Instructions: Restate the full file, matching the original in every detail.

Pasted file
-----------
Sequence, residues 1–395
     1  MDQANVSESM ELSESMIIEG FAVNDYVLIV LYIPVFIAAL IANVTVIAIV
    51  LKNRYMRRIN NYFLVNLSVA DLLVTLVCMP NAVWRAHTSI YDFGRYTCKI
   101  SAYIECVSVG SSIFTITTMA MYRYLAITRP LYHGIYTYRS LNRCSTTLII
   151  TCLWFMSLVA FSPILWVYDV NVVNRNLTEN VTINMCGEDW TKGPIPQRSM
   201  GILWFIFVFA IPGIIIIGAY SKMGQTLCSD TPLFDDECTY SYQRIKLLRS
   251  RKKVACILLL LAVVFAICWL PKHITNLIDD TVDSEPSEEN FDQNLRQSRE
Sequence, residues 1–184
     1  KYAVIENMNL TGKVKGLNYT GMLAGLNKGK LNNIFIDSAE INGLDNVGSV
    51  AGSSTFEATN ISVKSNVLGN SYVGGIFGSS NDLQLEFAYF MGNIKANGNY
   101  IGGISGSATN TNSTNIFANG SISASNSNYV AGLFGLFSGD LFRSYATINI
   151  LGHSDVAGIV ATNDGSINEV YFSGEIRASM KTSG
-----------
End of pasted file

Sequence, residues 1–395
     1  MDQANVSESM ELSESMIIEG FAVNDYVLIV LYIPVFIAAL IANVTVIAIV
    51  LKNRYMRRIN NYFLVNLSVA DLLVTLVCMP NAVWRAHTSI YDFGRYTCKI
   101  SAYIECVSVG SSIFTITTMA MYRYLAITRP LYHGIYTYRS LNRCSTTLII
   151  TCLWFMSLVA FSPILWVYDV NVVNRNLTEN VTINMCGEDW TKGPIPQRSM
   201  GILWFIFVFA IPGIIIIGAY SKMGQTLCSD TPLFDDECTY SYQRIKLLRS
   251  RKKVACILLL LAVVFAICWL PKHITNLIDD TVDSEPSEEN FDQNLRQSRE
Sequence, residues 1–184
     1  KYAVIENMNL TGKVKGLNYT GMLAGLNKGK LNNIFIDSAE INGLDNVGSV
    51  AGSSTFEATN ISVKSNVLGN SYVGGIFGSS NDLQLEFAYF MGNIKANGNY
   101  IGGISGSATN TNSTNIFANG SISASNSNYV AGLFGLFSGD LFRSYATINI
   151  LGHSDVAGIV ATNDGSINEV YFSGEIRASM KTSG